Abstract and Keywords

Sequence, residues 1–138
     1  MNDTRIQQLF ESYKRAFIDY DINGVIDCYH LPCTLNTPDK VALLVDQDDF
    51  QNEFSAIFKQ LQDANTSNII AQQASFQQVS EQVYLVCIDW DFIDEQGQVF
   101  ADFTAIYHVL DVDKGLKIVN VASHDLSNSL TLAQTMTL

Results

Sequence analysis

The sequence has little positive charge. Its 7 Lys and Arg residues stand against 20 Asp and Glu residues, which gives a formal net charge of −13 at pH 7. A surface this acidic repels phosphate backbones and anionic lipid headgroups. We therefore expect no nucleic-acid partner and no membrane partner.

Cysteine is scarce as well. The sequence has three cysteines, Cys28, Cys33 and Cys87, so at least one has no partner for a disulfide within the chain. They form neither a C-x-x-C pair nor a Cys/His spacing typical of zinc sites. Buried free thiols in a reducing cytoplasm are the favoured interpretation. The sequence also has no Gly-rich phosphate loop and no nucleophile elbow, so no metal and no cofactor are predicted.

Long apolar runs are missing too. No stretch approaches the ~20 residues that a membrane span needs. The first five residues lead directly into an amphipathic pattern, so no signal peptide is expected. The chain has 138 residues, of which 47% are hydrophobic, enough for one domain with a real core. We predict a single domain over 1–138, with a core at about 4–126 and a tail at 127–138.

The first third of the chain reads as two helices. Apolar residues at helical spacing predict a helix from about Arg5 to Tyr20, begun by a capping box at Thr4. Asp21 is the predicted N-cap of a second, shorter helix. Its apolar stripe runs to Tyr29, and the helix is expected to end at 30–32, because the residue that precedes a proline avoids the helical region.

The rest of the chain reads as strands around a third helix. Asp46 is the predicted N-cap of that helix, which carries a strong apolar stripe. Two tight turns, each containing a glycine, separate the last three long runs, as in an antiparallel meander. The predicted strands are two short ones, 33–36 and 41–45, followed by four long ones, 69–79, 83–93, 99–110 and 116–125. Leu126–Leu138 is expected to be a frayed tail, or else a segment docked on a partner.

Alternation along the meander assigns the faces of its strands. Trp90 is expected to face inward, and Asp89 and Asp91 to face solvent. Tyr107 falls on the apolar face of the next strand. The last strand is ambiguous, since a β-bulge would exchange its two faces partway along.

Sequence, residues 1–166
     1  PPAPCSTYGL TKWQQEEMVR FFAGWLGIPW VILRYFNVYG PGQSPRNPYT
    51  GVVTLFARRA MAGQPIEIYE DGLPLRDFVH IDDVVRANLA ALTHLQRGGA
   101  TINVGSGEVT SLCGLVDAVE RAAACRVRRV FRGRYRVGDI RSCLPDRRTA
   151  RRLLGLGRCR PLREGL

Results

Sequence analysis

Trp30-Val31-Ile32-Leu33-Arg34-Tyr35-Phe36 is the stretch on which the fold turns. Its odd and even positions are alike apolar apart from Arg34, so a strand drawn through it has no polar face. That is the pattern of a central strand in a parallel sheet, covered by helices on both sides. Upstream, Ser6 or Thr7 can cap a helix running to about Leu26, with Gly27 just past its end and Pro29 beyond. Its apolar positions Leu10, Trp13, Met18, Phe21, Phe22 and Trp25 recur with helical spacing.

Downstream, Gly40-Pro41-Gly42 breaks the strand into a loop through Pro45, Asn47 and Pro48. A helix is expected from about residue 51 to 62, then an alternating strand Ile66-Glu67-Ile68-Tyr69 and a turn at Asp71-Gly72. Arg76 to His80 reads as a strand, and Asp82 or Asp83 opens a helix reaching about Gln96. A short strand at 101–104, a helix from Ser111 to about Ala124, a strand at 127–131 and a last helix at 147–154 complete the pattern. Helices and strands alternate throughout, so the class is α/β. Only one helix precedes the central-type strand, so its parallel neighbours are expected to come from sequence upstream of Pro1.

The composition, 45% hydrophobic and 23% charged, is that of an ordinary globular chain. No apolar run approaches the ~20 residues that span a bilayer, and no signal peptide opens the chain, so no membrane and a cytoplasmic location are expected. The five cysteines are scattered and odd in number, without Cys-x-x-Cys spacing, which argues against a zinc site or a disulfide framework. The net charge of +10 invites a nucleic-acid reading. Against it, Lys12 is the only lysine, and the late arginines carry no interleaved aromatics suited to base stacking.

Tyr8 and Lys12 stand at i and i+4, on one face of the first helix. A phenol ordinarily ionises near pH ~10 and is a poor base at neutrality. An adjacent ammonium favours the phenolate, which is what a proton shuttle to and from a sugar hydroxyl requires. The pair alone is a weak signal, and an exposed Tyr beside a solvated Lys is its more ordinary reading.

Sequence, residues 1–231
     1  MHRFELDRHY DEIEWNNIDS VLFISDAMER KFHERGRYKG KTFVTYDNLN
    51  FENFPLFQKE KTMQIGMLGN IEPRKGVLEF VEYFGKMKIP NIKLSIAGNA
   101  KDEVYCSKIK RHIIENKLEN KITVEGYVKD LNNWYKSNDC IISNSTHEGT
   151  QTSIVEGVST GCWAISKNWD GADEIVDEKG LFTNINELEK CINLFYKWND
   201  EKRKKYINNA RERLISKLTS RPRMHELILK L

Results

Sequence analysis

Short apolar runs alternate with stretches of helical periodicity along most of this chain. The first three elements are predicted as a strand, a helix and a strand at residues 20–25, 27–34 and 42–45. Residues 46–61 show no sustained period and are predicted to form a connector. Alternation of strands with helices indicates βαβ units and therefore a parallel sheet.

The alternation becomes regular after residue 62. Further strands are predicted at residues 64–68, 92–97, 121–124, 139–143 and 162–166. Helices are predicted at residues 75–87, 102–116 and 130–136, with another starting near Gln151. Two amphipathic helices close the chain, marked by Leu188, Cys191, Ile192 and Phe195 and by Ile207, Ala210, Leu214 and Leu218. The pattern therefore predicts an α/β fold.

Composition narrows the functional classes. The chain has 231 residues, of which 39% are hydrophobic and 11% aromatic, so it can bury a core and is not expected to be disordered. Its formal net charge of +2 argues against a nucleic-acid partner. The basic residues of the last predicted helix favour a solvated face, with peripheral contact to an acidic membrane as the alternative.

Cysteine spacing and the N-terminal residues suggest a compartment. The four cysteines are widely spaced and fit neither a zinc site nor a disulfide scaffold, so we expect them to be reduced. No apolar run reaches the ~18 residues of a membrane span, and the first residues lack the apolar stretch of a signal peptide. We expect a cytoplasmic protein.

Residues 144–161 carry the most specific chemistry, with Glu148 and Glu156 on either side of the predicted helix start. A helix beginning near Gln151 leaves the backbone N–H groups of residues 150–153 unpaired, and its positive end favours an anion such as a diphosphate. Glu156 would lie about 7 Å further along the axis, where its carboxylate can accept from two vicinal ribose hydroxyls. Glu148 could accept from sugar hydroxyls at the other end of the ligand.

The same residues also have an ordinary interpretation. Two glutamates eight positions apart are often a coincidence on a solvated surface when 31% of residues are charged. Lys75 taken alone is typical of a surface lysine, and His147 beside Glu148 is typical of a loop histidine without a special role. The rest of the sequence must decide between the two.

In Canada, a few groups enjoy explicit constitutional recognition, including certain official language minorities and aboriginals. In light of the constitutional history of Canada, the Supreme Court of Canada affirmed in the Reference re Secession of Quebec that the protection of minorities forms part of the constitutional order in Canada. This article explores bilingual interpretation rules as a component of language rights in Canada. It first outlines the linguistic rights of minorities in Canada and then discusses the historical development of multilingual legislation in the country. The article also considers multilingual statutory interpretation, focusing on the rules of equal authenticity and shared meaning, selective application by jurists, the conflict between language versions, and erroneous applications of the equal authenticity and shared meaning rules. It concludes with a discussion of future challenges in Canadian bilingual jurisprudence as well as the publication of bilingual judgments.
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